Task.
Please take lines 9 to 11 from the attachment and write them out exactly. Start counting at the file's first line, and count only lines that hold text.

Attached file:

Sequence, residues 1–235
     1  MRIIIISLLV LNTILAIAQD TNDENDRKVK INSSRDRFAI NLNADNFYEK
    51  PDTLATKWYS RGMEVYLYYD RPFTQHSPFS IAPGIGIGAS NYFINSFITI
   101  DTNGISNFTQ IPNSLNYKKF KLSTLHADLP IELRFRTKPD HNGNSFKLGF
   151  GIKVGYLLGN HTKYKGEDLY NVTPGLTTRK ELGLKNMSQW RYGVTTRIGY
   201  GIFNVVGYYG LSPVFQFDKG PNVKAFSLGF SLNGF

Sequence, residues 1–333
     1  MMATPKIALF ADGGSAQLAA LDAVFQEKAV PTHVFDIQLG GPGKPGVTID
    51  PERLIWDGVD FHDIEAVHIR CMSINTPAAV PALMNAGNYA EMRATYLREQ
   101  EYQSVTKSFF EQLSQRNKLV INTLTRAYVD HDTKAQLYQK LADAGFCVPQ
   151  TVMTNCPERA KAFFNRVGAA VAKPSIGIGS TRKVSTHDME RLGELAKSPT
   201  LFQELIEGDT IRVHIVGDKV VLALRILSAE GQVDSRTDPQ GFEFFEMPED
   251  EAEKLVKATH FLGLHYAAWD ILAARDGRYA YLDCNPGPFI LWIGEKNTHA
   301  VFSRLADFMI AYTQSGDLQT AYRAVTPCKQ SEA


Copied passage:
    51  PERLIWDGVD FHDIEAVHIR CMSINTPAAV PALMNAGNYA EMRATYLREQ
   101  EYQSVTKSFF EQLSQRNKLV INTLTRAYVD HDTKAQLYQK LADAGFCVPQ
   151  TVMTNCPERA KAFFNRVGAA VAKPSIGIGS TRKVSTHDME RLGELAKSPT